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At 86, James Salter has been many things: West Point graduate and Korean War fighter pilot, skier and climber, New Yorker and Aspenite, and one of our greatest writers on the allure of life in the outdoors. Two of Salter’s works in particular helped define the emerging world of adventure sports: his 1979 novel Solo Faces, which follows a climbing purist named Vernon Rand as his ambition propels him from California to Chamonix, in the French Alps; and his script for the 1969 film Downhill Racer, in which Robert Redford plays a lone-wolf member of the U.S. Ski Team. That world and those sports have evolved almost beyond recognition in the decades since, but Salter’s insights into the curious alchemy that occurs when young men fall under the spell of the mountains remain acute. When Tim Sohn met him for lunch in Manhattan, Salter—sharp, incisive, energetic, and exceedingly gracious—had just returned from winter in Aspen, where he’s lived at least part of the year since 1969.
SOHN: Did you get any skiing in this winter?
SALTER: I didn’t ski this year, because I have a bad leg, but hopefully, if it heals up, I’ll go next year.
Was it hard to be in Aspen and not ski?
Well, a little. Often, when you meet people for a drink or a meal, they’ve come down from skiing and talk about snow conditions, which can be very boring if you’re not skiing. And of course, when you look up at the mountain from Aspen, you see Corkscrew, you see the bottom of Little Nell, and that kind of calls to you.
Skiing’s changed a bit since you moved to Aspen. Have you seen the X Games?
I don’t go to them, but there’s a brilliant blue light in the heavens that comes from those games when they’re in town. It’s unbelievable what they do. I mean, they’re skiing in these barrel-shaped things on skis that are rounded front and back, and they’re 16 years old. Phenomenal, but the connection with what used to be skiing and the life of skiing is tenuous.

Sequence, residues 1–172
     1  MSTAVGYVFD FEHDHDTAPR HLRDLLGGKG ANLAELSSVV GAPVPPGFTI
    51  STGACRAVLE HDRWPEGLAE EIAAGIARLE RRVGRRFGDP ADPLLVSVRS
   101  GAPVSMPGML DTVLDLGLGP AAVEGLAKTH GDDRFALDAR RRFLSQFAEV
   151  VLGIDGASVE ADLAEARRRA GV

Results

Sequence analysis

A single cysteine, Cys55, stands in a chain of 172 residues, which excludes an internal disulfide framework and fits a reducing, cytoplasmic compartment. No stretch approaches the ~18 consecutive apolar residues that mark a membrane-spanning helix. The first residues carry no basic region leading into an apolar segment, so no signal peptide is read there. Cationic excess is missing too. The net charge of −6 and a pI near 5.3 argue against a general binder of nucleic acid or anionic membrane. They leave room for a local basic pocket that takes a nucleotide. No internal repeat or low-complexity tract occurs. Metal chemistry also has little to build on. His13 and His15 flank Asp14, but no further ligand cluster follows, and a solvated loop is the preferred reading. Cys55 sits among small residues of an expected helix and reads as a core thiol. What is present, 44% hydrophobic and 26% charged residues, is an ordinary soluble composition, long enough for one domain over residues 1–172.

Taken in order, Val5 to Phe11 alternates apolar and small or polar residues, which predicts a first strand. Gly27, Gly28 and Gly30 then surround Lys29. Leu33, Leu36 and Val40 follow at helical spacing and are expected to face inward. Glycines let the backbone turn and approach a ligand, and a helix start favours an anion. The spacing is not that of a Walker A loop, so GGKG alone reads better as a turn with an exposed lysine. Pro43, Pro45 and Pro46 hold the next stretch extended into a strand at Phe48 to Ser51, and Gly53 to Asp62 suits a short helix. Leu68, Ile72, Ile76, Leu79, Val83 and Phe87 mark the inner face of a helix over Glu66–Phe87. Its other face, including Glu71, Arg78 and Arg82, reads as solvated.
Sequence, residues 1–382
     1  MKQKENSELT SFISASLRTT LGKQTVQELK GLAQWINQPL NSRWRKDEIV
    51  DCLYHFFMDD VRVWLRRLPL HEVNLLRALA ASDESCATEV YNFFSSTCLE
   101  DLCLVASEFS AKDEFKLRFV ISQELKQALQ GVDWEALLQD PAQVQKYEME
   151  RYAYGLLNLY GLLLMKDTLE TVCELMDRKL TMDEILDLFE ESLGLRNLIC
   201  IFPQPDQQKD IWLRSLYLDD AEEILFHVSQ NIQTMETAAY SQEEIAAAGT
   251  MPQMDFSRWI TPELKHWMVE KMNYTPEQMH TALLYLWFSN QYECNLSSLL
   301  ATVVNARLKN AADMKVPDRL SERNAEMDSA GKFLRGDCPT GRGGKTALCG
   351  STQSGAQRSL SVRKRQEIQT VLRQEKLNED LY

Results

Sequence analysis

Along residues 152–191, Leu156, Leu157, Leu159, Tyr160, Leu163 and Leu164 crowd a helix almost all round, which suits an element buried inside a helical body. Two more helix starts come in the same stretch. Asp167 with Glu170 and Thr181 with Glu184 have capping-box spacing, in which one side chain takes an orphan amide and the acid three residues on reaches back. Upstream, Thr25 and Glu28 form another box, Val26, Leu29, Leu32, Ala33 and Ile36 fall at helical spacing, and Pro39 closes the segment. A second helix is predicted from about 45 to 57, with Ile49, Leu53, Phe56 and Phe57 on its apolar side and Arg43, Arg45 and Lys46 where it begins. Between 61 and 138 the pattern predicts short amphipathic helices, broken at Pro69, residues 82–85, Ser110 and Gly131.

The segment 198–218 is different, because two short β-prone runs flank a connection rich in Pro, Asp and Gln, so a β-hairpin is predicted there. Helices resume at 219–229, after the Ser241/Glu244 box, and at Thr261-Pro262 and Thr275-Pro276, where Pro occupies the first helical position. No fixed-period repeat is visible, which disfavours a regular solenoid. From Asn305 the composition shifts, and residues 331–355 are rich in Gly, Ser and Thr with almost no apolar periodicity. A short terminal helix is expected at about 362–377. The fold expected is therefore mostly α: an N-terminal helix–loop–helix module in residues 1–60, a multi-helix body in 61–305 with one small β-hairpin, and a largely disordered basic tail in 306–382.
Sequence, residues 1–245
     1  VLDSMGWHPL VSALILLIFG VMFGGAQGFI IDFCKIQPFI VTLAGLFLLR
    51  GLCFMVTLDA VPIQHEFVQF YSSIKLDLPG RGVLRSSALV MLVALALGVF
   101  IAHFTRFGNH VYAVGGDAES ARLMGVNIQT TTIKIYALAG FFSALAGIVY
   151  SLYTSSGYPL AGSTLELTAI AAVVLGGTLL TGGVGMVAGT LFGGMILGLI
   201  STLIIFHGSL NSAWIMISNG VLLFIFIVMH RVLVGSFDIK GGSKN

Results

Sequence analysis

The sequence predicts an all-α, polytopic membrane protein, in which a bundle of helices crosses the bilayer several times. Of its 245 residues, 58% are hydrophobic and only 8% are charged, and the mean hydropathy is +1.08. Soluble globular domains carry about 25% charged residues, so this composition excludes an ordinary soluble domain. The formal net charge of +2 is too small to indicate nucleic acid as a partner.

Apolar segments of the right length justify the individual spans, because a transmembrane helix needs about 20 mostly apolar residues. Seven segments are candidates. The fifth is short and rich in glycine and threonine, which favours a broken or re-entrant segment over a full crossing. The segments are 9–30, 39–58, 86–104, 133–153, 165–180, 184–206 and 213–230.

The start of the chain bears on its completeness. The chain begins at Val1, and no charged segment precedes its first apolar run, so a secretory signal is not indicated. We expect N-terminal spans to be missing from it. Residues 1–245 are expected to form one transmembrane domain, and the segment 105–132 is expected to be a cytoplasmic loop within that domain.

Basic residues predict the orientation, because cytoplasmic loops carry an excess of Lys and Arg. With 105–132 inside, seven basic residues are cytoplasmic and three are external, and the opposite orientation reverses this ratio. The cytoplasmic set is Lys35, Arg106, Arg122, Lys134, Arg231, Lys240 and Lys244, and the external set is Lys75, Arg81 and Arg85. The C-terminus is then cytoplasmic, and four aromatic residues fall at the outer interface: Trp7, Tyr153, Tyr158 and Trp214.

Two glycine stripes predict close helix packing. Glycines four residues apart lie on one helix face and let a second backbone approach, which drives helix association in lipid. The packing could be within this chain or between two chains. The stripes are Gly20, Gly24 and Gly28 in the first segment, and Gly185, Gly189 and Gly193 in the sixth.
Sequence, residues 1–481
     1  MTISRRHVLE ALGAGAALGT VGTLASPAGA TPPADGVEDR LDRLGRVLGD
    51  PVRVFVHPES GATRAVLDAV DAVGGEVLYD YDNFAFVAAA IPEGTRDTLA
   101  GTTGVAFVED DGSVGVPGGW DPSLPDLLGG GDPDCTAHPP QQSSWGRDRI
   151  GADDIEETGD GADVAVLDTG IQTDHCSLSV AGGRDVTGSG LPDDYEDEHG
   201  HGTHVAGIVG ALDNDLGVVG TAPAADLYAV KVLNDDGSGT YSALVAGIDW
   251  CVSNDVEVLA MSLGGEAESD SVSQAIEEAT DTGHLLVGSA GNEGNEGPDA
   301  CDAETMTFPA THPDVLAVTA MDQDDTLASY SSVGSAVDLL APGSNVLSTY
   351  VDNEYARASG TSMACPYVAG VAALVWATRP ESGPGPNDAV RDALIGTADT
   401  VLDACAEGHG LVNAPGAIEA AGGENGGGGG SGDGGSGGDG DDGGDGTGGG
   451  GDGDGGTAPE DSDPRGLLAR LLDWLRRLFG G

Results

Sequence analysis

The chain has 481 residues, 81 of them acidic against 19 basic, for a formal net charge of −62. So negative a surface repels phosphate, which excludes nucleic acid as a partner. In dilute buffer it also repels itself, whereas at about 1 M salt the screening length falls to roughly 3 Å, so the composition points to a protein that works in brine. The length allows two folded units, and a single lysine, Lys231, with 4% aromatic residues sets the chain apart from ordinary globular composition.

It’s certainly different from the world of Downhill Racer. Tell me about when you and Robert Redford went to Europe, to the 1968 Olympics in Grenoble, to research the film. I’ve heard that was kind of improvisational.
Exactly. We weren’t invited. I mean, we went over there to be with the ski team mainly, and as I recall there was some, uh, additional business—I believe the Olympic organizers had sold the rights to film to somebody else, so I think Redford was trying to bootleg some footage of the Olympic races for the film, which was not authorized. I wasn’t involved.
You’ve said that Redford’s character was based on both Billy Kidd and Spider Sabich, famous U.S. Ski Team members from the sixties. Do you see any skiers today with that individualist’s attitude? I think of Bode Miller.
Bill Johnson, the American who won the downhill gold in the Olympics in 1984, was a pre–Bode Miller, the same type without the trailer. Not quite the panache of Miller. Just an outsider, and he claimed he based his persona on Redford’s character. I mean, in a way it’s too silly. But, you know, movies are very influential.
That film was the start of a productive relationship between you and Redford.
We had met in New York before that. But yes, after Downhill Racer we stayed in touch, and we talked about doing a subsequent movie, a climbing movie.
Which was Solo Faces.
Right. That book started as a film script I wrote for him. In the end he didn’t like it. I was thinking of that book the other day. I saw a video on YouTube of the guy [Swiss climber Ueli Steck] who soloed the Eiger in 2 hours and 47 minutes. Have you seen it? It makes that whole book seem like the day of sail. Really, it made it almost irrelevant I thought.
But don’t you think there’s continuity in the kinds of people who are attracted to climbing, the challenge, the motivation?
Climbing is a lot different now—there’s more rock and roll—and that dates the book in a way. Although, as you say, the nature of certain characters hasn’t changed.
You climbed with Yosemite pioneer Royal Robbins as part of your research for Solo Faces. What was he like?
Robbins is a smart guy. He’s intensely competitive and reads a lot, but he didn’t discuss those things. They were merely part of the subsurface.
And you went to Chamonix, where the book is based. Have you been back there recently?
I was there two years ago. It’s changed a little, but it’s an old French town. You feel it is an old place. They didn’t just throw this together for you. Have you ever skied at Wengen? You ski down through the town itself, backyards of people, down little streets, through the kitchen, so to speak. It’s a different view of things.
Those places are less changeable than Aspen, I suppose. Have the crowds changed Aspen irreparably?
It’s not the crowds that have changed it. It’s a different town. It used to be quite remote. A different sort of people were there, people who had more or less discovered it. Back then, even just to come for a week of skiing was difficult. So all that changed. And it began to be a moneymaking thing. Before that it was a ski town. But still, the landscape, the natural aspects, can’t be changed.